This is changing. As science discovers more about the nature of illness, healthcare professionals are acquiring new powers to predict which medicine will work best for individual patients.
This shift away from the established one-size-fits-all approach and towards tailoring healthcare to patients’ individual needs is known as ‘personalised healthcare’. While this fast-moving field is still in development, the ideal outcome would be for all patients to receive the right treatment at the rise dose at the right time – every time.
It is not yet feasible to provide each individual patient with a unique treatment. However, it is possible, using in vitro diagnostics (IVDs), to divide patients into a number of categories, according to their biological and genetic make-up.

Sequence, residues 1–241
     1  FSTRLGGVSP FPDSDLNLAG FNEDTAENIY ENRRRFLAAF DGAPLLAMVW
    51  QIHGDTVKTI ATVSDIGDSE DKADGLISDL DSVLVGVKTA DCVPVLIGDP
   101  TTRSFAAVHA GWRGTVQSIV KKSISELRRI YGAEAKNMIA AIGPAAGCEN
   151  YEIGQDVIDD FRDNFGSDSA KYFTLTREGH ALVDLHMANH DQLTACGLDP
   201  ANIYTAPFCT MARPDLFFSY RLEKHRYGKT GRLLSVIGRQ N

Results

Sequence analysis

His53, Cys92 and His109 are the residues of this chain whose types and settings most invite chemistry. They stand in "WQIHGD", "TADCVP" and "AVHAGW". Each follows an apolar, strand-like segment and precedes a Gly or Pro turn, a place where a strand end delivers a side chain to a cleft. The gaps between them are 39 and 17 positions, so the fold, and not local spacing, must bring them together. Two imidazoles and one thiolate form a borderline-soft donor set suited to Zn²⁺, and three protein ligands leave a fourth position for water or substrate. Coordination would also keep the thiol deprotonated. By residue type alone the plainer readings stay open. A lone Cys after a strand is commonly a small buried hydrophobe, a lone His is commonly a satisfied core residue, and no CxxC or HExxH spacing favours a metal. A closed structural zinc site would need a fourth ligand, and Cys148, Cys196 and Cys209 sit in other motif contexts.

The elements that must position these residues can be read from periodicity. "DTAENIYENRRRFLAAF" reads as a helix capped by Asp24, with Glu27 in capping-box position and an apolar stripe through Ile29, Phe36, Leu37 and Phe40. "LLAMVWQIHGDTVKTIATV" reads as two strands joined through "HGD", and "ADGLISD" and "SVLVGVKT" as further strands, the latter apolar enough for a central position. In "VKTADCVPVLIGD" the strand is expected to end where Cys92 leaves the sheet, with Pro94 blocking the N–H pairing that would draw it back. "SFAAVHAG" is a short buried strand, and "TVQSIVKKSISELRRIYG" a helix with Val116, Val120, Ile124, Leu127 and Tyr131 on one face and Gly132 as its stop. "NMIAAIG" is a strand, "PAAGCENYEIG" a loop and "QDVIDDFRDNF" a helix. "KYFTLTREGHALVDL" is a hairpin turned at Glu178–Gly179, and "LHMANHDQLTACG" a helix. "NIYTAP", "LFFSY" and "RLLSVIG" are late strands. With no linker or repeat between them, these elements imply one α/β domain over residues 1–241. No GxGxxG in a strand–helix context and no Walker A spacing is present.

Assigning a patient to a specific group involves testing for specific indicators known as biomarkers. The presence or absence of a biomarker can predict how the patient will respond to a particular treatment. These tests, known as companion diagnostics, can inform treatment decisions and improve patient outcomes. Companion diagnostics are already used to test for biomarkers for breast cancer, colorectal cancer and certain lung cancers amongst others.
For patients, the value of this approach is clear as the chances of effective treatment are enhanced. For healthcare professionals too, biomarkers give increased confidence that treatment will deliver positive results. And payers and policymakers find reassurance in the fact that treatment decisions informed by companion diagnostics are more cost-effective. In addition, the risk and waste associated with exposing patients to ineffective treatments is reduced – which is good news all round.